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Open Access Methodology

Evaluation of a rapid colorimetric field test to assess the effective life of long-lasting insecticide-treated mosquito nets in the Lao PDR

Michael D Green1*, Mayfong Mayxay234, Ray Beach1, Tiengkham Pongvongsa5, Samlane Phompida6, Bouasy Hongvanthong6, Viengxay Vanisaveth6, Paul N Newton24, Lucrecia Vizcaino1 and Isabel Swamidoss1

Author Affiliations

1 Division of Parasitic Diseases and Malaria, Centers for Disease Control and Prevention, Atlanta, GA, USA

2 Lao-Oxford-Mahosot Hospital-Wellcome Trust Research Unit, Microbiology Laboratory, Mahosot Hospital, Vientiane, Lao PDR, Laos

3 Faculty of Postgraduate Studies, University of Health Sciences, Vientiane, Lao PDR, Laos

4 Centre for Clinical Vaccinology and Tropical Medicine, Churchill Hospital, Nuffield Department of Medicine, University of Oxford, Oxford, UK

5 Savannakhet Provincial Malaria Station, Savannakhet Province, Lao PDR, Laos

6 Centre of Malariology, Parasitology and Entomology, Ministry of Health, Vientiane, Lao PDR, Laos

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Malaria Journal 2013, 12:57  doi:10.1186/1475-2875-12-57

Published: 7 February 2013

Abstract

Background

Malaria morbidity and mortality have been significantly reduced through the proper use of insecticide-treated mosquito nets, but the extra protection afforded by the insecticide diminishes over time. The insecticide depletion rates vary according to location where wash frequency and wear are influenced by cultural habits as well as the availability of water. Monitoring of available insecticides on the net surface is essential for determining the effective life of the net. Therefore, a rapid and inexpensive colorimetric field test for cyanopyrethroids (Cyanopyrethroid Field Test or CFT) was used to measure surface levels of deltamethrin on insecticide-coated polyester nets (PowerNets™) in rural Lao PDR over a two-year period.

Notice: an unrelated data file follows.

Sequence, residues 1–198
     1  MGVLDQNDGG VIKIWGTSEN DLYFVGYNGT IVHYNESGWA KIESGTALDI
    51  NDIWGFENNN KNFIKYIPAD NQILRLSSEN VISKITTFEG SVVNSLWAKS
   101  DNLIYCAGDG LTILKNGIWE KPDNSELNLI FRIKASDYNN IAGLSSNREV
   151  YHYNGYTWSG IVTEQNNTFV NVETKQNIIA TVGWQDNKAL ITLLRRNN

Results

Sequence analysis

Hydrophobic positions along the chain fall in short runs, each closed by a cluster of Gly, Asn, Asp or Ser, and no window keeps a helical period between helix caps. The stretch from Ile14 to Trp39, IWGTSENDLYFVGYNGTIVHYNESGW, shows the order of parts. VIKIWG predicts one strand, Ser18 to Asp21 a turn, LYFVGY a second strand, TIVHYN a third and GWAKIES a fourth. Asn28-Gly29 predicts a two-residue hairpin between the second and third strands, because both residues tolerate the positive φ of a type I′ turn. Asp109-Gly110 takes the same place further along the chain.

Methods

Net surface levels of deltamethrin were measured by wiping the net with filter paper and measuring the adsorbed deltamethrin using the CFT. A relationship between surface levels of deltamethrin and whole net levels was established by comparing results of the CFT with whole levels assayed by high-performance liquid chromatography (HPLC). An effective deltamethrin surface concentration (EC80) was determined by comparing mosquito mortality (WHO Cone Test) with CFT and HPLC results. Five positions (roof to bottom) on each of 23 matched nets were assayed for deltamethrin surface levels at 6, 12, and 24 months. Mosquito mortality assays (WHO Cone Tests) were performed on a subset of eleven 24-month old nets and compared with the proportion of failed nets as predicted by the CFT.

Results

At six months, the nets retained about 80% of the baseline (new net) levels of deltamethrin with no significant differences between net positions. At 12 months, ~15-40%, and at 24 months <10% of deltamethrin was retained on the nets, with significant differences appearing between positions. Results from the CFT show that 93% of the nets failed (deltamethrin surface levels </= EC80) at 24 months. This value is in agreement with 91% failure as determined by the WHO Cone Test on a subset of 11 nets. The CFT results show that 50% of the nets from Laos failed at 12 months of normal use.

Conclusion

The CFT is a useful and accurate indicator of net efficacy and may be substituted for mosquito bioassays.

Keywords:
Permanet; ITN; LLIN; Deltamethrin; Colorimetric; Bioassay; Mosquito; Malaria; Net; Lao PDR; Laos